Los­ing Mummy

In a sin­gle mo­ment, our whole lives changed... Mark Wil­cock, 39, South­port

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Strolling along a coun­try road, push­ing our baby Mar­got in her pram, my wife Kather­ine, 35, had never looked more beau­ti­ful.

Dressed sim­ply, in jeans and a blue jacket, it was the hap­pi­ness that shone from her caus­ing that glow.

And I felt ex­actly the same.

‘Mar­got’s go­ing to love splash­ing in the pool,’ Kather­ine grinned at me.

We were fly­ing to Ma­jorca the next day for our very first fam­ily hol­i­day.

We’d spent the morn­ing pack­ing, be­fore Kather­ine went for a nap, feel­ing ex­hausted.

By our af­ter­noon walk she was back to her old self.

Crack­ing jokes, mak­ing me laugh.

Her dark hair shin­ing in the sun.

Kather­ine and I had be­come friends in 2008 when we both worked at Edge Hill Univer­sity.

We fi­nally got to­gether in Jan­uary 2012, and I felt

like the luck­i­est man alive.

She was chatty, kind, could strike up a con­ver­sa­tion with any­one.

‘You’re my stick of dy­na­mite,’ I’d tell her.

With a huge smile, Kather­ine was so much fun to be around. Ob­sessed with Disney, too. I’d even pro­posed in front of Cin­derella’s cas­tle in Disney World, Florida, in Oc­to­ber 2013.

We’d had a beau­ti­ful beach wed­ding in Hawaii in April 2015.

Then, when Mar­got ar­rived in Au­gust 2016, it felt like we had it all.

Kather­ine couldn’t wait to take her to Disney World. ‘But all I re­ally want is for Mar­got to be happy and grow up to be kind,’ she smiled. ‘And not afraid of spi­ders!’ she added with a chuckle. I laughed. Kather­ine was ter­ri­fied of the eight-legged crit­ters. And as we strolled along the coun­try road, we talked about hav­ing an­other baby.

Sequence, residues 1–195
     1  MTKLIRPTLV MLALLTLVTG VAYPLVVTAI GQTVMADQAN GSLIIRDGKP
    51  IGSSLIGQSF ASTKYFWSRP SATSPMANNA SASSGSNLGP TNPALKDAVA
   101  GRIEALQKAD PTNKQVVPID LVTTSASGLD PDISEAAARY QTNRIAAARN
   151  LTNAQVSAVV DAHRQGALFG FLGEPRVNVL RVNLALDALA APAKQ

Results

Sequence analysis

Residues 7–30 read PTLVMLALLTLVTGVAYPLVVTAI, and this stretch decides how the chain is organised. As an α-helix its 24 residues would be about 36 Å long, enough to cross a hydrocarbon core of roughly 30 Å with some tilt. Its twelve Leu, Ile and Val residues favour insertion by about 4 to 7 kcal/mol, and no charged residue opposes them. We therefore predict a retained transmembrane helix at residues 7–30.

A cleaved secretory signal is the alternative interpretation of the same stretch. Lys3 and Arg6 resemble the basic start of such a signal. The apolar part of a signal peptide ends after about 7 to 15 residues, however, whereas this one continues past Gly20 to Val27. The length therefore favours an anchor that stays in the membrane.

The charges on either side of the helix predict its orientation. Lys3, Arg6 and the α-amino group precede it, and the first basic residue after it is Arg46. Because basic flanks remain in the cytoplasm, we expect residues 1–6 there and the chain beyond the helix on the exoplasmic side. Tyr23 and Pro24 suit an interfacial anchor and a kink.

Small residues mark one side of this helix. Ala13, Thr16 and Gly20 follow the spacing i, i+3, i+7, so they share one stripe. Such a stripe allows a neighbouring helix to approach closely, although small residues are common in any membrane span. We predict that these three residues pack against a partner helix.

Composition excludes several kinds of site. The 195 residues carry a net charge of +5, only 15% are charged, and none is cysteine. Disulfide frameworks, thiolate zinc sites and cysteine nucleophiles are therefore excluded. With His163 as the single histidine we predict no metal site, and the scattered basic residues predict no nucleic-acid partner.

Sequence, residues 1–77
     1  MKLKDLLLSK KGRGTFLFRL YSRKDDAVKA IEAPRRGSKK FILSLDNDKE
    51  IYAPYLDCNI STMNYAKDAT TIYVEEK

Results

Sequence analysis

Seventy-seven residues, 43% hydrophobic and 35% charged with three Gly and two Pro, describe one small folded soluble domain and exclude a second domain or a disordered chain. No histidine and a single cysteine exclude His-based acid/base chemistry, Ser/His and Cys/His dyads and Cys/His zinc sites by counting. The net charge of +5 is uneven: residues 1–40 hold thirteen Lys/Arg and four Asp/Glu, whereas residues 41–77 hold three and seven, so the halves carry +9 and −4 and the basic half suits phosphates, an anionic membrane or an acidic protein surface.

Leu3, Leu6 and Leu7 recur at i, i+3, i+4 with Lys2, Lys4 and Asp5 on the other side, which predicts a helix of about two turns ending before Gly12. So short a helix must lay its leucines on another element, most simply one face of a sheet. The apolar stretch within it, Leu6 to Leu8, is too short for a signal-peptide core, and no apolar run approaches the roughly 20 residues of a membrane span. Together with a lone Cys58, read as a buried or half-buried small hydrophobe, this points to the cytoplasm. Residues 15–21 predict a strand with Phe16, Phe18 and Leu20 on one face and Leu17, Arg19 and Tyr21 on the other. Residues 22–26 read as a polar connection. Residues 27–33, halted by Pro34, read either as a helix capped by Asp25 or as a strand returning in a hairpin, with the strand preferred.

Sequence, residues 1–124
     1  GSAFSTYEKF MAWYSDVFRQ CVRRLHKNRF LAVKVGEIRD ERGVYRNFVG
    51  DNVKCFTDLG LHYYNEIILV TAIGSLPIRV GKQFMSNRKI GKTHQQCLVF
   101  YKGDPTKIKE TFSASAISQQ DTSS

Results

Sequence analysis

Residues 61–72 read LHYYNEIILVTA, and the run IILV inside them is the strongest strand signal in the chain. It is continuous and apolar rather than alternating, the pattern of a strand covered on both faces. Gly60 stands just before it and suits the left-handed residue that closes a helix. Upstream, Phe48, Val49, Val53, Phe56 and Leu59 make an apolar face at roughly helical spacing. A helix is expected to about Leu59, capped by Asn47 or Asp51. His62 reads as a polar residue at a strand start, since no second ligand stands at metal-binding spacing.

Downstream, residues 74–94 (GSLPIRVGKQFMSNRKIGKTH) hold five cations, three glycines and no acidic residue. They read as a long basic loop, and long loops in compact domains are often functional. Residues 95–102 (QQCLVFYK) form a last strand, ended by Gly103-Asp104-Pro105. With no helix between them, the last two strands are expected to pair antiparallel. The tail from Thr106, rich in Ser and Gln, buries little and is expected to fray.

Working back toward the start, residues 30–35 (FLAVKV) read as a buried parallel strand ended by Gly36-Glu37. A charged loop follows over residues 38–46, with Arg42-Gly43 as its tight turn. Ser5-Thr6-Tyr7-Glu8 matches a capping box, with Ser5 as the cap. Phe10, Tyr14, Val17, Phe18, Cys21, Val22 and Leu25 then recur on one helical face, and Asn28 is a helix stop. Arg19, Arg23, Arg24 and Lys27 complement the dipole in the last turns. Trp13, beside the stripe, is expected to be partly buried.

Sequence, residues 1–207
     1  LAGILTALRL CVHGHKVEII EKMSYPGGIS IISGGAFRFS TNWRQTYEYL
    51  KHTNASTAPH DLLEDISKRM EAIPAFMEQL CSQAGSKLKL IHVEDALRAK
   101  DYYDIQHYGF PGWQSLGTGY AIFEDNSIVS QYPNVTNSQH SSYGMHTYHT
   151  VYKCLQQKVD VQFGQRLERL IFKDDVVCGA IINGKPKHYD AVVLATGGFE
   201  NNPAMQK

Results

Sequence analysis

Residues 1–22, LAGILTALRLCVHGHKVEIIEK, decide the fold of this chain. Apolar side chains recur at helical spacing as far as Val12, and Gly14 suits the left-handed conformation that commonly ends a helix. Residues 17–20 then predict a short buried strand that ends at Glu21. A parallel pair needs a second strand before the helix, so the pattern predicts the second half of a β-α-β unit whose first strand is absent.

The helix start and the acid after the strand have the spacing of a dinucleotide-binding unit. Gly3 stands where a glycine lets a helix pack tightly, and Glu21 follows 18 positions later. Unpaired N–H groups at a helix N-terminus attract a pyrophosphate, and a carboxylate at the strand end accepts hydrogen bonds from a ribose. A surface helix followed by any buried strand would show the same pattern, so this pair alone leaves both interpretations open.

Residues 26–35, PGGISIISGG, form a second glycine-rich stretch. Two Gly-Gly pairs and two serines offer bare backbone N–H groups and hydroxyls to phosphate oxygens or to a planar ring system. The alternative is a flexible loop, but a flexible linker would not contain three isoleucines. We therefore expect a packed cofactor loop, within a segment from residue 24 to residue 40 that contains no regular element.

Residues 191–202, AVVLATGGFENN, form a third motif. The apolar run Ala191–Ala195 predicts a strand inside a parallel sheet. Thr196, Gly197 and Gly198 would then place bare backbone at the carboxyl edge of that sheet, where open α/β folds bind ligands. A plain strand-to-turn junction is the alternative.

‘We must be mad,’ Kather­ine smiled.

‘As if we aren’t sleep­de­prived enough,’ I laughed. Af­ter an­other half mile, Kather­ine sud­denly stopped. ‘I feel dizzy,’ she frowned. ‘I need to sit down.’ We walked to a nearby pub, found a quiet booth in­side and Kather­ine sat down be­side Mar­got, who was yawn­ing away in her pram.

‘I’ll get you a cold drink,’ I told Kather­ine, walk­ing to the bar. Only, when I walked back over to the booth, Kather­ine was slumped in her seat. Her head was tilted to one side, her eyes closed. ‘Kather­ine!’ I cried in alarm, try­ing to shake her awake.

But wor­ry­ingly her head just wob­bled. Pan­ick­ing, I checked her pulse.

Noth­ing.

‘Help!’ I cried, and a woman ran over, ex­plain­ing she was an off-duty nurse.

Ter­ri­fied, I called an am­bu­lance.

‘She’s not breath­ing,’ the nurse said, as we laid Kather­ine on the floor.

‘Please take my baby away,’ I begged the land­lady.

I couldn’t bear Mar­got to see her mummy like this.

The nurse started CPR be­fore paramedics ar­rived, took over.

Twenty ag­o­nis­ing min­utes passed, and paramedics were still try­ing.

But I just knew.

She was­nÕt go­ing to make it. Mar­got, just 8 months, was go­ing to lose her mummy. I just wailed.

A des­per­ate, feral roar of pure pain, I’d never heard my­self make be­fore.

Kather­ine was rushed to Ain­tree Univer­sity Hospi­tal in Liver­pool and put in an in­duced coma.

Fam­ily vis­ited, helped with Mar­got, while I willed Kather­ine to wake up.